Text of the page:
In the last few years, we have had Bills of various constitutional kinds in this House relating to the independence or the constitutional development of a large number of territories—India, Burma, Ceylon, Ghana and now Malaya—as well as, not Bills of independence, but Bills of constitutional development in the case of Rhodesia, Nyasaland, Nigeria, the West Indies and others. Taken together and looked at as a whole, they must, I imagine, strike the unbiased observer as some of the most remarkable phenomena in history: that in this short space of time upwards of 600 million people can have achieved independence with the full support of the imperial Power and with the cordial good will of those who were formerly subject peoples and who have now become independent. I hope that those of our critics in the United Nations and elsewhere will take note of this measure, as they might, but apparently have not, taken note of its predecessors, and I trust that it, and its predecessors, will afford a complete answer to allegations about “colonialism” which far too often we hear in the United Nations and elsewhere and which, both in the time of this Government and in the time of the Administration of my noble friend Lord Attlee, have 235 been somewhat of an embarrassment to our delegates and representatives in the United Nations.

My own association with Malaya goes back nearly thirty years, and it is an indication of how times have changed when I say that between twenty-five and thirty years ago I was for some years the honorary secretary of the Penang branch of the only political organisation permitted in the country. One can see in the multiplicity of Parties now the enormous political activity that goes on and the great change that there has been in a quarter of a century, a greater change in this respect in this area, I imagine, than in almost any other in the world. The people who did more than anything else to stimulate this change were, of course, the Japanese.

There have been various crises since the war, some of which might have been avoided and some of which obviously could not, but eventually the Constitutional Commission. presided over by the noble Lord, Lord Reid. delivered their recommendations, and those constitutional proposals were embodied in a White Paper (Cmd. 210). The noble Lord, Lord Reid, is, as we know, an eminent British jurist, and his colleagues on the Commission were also eminent jurists. There was one rather—I will not say odd, because it was a plan, but one unusual circumstance about this Commission: there was no Malayan of any kind on it. The Malayan people decided that they would have a completely independent Commission drawn from the independent members of the Commonwealth. That, I think, was an indication of the great political maturity of the Malayan people and also of the trust they felt they could show in the independent members of the Commonwealth.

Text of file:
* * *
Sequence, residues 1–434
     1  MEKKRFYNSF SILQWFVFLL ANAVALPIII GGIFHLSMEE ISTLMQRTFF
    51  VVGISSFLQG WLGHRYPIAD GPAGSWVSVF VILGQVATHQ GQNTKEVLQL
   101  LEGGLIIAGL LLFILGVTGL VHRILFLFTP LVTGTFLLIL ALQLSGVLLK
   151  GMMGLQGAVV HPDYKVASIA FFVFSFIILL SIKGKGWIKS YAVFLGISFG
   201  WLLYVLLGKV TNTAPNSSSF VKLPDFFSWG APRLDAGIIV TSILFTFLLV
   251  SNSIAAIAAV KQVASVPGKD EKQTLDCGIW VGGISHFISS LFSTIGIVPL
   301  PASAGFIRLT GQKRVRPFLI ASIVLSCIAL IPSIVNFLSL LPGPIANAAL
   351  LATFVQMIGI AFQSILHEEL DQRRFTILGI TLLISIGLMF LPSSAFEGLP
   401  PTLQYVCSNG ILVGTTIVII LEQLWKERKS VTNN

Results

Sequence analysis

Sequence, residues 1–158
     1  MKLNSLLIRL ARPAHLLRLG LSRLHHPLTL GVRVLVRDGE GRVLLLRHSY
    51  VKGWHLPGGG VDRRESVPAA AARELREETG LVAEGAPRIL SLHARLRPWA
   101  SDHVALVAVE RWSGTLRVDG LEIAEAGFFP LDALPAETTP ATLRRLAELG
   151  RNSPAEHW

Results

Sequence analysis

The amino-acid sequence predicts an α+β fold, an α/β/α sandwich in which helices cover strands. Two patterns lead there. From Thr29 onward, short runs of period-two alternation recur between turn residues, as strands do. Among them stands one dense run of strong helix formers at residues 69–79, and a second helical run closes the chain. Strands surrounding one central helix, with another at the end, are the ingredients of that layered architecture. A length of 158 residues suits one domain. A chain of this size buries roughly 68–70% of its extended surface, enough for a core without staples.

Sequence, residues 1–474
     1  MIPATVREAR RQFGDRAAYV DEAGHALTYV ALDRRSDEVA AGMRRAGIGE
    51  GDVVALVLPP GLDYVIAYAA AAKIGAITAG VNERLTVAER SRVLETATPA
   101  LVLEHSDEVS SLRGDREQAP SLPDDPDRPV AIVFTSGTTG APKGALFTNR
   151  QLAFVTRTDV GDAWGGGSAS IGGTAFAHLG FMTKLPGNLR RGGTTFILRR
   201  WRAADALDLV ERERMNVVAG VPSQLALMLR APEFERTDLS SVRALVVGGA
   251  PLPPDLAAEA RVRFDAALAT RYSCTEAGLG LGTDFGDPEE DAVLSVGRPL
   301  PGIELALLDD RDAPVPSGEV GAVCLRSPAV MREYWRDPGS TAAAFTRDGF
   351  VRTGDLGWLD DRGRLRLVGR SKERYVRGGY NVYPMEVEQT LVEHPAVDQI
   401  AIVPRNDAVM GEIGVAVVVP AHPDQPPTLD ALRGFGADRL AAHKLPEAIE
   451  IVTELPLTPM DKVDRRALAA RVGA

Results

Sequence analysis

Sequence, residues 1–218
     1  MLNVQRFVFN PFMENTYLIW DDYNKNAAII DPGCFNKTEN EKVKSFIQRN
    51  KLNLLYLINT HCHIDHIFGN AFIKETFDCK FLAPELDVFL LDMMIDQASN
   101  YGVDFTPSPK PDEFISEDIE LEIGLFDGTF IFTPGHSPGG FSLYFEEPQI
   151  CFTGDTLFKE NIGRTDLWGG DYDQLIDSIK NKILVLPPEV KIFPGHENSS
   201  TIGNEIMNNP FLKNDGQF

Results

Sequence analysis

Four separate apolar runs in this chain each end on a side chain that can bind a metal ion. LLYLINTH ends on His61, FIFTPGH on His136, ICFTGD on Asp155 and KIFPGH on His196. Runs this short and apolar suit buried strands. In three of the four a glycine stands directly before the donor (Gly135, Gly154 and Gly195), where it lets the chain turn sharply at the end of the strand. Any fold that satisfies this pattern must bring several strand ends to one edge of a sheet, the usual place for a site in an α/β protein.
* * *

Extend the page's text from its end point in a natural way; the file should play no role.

This Report was submitted on February 21. Then a Working Party from Malaya considered it; a delegation came to this country and discussed in this country with the British Government the substance of the Report of the Commission. So far, so good. But in the White Paper which has been prepared and issued to Parliament by the Government, there are two matters to which I should like to draw your Lordships’ attention. First of all, no thanks of 236 any kind are expressed to the noble Lord, Lord Reid, and his Commission—indeed, they are not even mentioned by name. Not even the noble Lord, Lord Reid, is mentioned, which I should have thought was unusual in a case of this kind. Therefore, I was very pleased indeed when the noble Earl, Lord Home, this afternoon properly thanked the noble Lord, Lord Reid, and his Commission, who spent eight months on this task; it was not by any means a week-end task, and sometimes it was in rather a hot climate. They took a lot of trouble over it and received no thanks. There is nothing in the White Paper about it.